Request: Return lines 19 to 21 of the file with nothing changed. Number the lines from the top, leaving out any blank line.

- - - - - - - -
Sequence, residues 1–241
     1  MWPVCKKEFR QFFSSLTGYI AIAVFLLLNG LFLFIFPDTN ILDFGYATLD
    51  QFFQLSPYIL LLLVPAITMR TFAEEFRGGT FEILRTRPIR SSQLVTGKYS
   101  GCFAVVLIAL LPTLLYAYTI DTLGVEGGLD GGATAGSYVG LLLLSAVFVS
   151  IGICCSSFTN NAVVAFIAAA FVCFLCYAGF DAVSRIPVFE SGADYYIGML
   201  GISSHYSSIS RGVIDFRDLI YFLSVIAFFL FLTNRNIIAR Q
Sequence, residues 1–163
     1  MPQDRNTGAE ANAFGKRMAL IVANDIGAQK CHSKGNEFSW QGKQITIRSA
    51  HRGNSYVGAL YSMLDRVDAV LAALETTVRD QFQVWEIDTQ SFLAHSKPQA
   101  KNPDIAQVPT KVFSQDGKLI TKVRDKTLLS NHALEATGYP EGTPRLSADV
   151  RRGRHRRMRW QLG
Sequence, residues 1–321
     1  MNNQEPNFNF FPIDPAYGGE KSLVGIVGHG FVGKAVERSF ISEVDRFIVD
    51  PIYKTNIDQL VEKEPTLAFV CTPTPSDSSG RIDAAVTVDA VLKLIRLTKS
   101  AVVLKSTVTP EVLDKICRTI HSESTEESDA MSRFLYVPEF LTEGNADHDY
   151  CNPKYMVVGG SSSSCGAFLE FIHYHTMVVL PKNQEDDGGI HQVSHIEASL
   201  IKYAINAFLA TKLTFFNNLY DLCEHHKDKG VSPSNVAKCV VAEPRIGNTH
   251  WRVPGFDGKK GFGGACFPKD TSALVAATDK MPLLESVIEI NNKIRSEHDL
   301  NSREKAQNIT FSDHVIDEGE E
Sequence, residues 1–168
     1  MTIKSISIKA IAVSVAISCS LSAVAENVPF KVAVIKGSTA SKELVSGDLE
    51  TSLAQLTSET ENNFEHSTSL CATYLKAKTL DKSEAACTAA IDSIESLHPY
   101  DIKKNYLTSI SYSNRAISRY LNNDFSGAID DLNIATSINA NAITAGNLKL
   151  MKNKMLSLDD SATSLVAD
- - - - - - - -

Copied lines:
   301  NSREKAQNIT FSDHVIDEGE E
Sequence, residues 1–168
     1  MTIKSISIKA IAVSVAISCS LSAVAENVPF KVAVIKGSTA SKELVSGDLE